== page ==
My blogging seems to be taking hit after hit. Apparently, I don’t have anything left to say because I’m having a hard time making anything sound coherent. That’s okay, though. Coherence is WAY overrated.
Anyway, despite the fact that my class ended several months ago, today I am posting the projects from my 3-dimensional design class. The entire class wasn’t exactly what I was expecting, but I enjoyed myself very much. Please excuse the poor photography–for some reason I’m struggling with that, too.
The first project was a cardboard sculpture. I decided to do a hanging piece. I was going for something that felt off balance and balanced at the same time. When I look at it I think, “Dr. Suess tornado”, but I’m happy with it overall. After seeing some of my classmates’ projects I decided you can make pretty much anything out of cardboard.
Our second project was entitled “Form Over Function.” In a long ago landscape design class I remember my teacher saying “Form follows function,” meaning that whatever you design shouldn’t just look good, it needs to work. The “Form Over Function” challenge was to flip that around, to take an ordinary object and use its shape, color, and other attributes to turn it into something beautiful (and generally unrelated to the original object). I had a shoebox full of batteries under my sink, patiently waiting for me to find a recycling venue for them. I tried making several different objects (a pig, a bassoon), but it ended up turning into more of an abstract thing than a literal thing. When I presented it, I hung the four panels on a wall. Now, it’s sitting in a bag under my table. I’m not quite sure what to do with it. I have thought up my next FOF project, though–start saving your bread bag square-closers, everybody!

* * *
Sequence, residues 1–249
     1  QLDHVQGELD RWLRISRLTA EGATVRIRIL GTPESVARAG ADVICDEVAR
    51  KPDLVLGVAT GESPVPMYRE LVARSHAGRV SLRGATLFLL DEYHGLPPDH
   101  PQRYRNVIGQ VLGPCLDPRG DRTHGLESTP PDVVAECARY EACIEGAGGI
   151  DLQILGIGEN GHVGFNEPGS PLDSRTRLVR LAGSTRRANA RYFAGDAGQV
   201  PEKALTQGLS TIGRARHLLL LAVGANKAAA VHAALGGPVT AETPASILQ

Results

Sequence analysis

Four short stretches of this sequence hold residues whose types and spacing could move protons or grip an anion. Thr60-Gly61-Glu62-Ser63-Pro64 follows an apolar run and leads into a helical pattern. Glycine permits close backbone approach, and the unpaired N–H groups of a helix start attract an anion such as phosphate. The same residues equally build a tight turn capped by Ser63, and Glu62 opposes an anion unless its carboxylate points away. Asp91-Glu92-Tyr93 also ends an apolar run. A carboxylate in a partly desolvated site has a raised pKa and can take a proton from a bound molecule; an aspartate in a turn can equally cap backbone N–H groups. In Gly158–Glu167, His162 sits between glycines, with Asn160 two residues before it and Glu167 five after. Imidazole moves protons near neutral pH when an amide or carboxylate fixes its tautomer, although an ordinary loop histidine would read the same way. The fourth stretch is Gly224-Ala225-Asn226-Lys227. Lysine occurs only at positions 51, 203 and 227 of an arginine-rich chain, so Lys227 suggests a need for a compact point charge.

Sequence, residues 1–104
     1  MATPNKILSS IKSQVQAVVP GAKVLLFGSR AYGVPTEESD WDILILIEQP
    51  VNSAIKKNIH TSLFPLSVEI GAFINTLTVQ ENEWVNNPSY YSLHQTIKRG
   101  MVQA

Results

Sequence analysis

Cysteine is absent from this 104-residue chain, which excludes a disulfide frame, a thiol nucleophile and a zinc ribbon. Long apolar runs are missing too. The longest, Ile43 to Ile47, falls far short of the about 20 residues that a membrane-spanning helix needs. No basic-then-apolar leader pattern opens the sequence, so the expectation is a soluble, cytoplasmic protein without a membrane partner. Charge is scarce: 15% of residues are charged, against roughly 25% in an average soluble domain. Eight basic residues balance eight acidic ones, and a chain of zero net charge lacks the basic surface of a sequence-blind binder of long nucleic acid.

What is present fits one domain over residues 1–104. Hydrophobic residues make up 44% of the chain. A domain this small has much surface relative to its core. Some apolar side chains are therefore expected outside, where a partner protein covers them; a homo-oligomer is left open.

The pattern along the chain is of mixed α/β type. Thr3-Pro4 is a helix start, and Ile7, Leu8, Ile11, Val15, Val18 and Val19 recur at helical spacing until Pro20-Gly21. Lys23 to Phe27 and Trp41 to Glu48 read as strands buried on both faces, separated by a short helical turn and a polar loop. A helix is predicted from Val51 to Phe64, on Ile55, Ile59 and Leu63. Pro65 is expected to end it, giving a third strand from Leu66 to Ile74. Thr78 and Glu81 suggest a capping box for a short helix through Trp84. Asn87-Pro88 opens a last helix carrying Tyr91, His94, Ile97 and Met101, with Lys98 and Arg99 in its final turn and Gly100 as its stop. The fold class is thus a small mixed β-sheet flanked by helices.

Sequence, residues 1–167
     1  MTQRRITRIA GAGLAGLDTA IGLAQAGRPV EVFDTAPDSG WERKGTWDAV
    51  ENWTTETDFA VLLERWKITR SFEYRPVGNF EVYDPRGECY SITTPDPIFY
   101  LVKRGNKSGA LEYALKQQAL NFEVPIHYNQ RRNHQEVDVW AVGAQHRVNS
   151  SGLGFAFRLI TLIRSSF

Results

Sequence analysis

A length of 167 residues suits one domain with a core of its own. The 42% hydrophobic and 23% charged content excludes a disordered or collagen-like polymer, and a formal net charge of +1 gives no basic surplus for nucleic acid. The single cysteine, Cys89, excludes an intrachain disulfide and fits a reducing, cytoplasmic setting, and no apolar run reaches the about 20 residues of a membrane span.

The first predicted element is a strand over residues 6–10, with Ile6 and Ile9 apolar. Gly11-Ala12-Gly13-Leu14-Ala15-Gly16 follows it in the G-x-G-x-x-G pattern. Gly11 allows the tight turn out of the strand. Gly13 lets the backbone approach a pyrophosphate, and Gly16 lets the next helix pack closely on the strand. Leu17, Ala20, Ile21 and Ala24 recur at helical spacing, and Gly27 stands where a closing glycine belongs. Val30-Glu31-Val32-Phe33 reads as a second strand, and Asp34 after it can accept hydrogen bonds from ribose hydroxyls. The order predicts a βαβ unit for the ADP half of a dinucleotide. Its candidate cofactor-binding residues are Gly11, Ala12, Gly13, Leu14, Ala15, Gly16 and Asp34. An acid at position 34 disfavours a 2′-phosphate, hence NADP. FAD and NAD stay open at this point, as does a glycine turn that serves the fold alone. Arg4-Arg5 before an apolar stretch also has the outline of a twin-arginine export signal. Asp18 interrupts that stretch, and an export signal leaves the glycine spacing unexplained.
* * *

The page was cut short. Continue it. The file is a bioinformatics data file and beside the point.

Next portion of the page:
The third project was an assemblage, where the requirement was to use symbolic objects to make a person. I did my mom.
I took apart an old sewing machine for parts, also using a quilt book and old spools of thread to make her. I put pictures of some of the people she’s made quilts for over the years inside. I think it turned out pretty well, and I gave it to my mom for Mother’s Day.
And then, of course, the leaf-covered papier mache peacock. Go, natural materials!
Our last project was a frontal piece, to be viewed from one angle. A shrine of sorts. The examples our teacher showed us were relics for saints. One of the requirements was it had to be in a box, so I hollowed out a book for mine . . .
. . . and made a shrine for my dad, which I gave to him for Father’s Day. This photo is the most terrible of them all, but it’s cool in real life. Honest.
I’m signed up for two more classes this fall. I’ll let you know how it goes.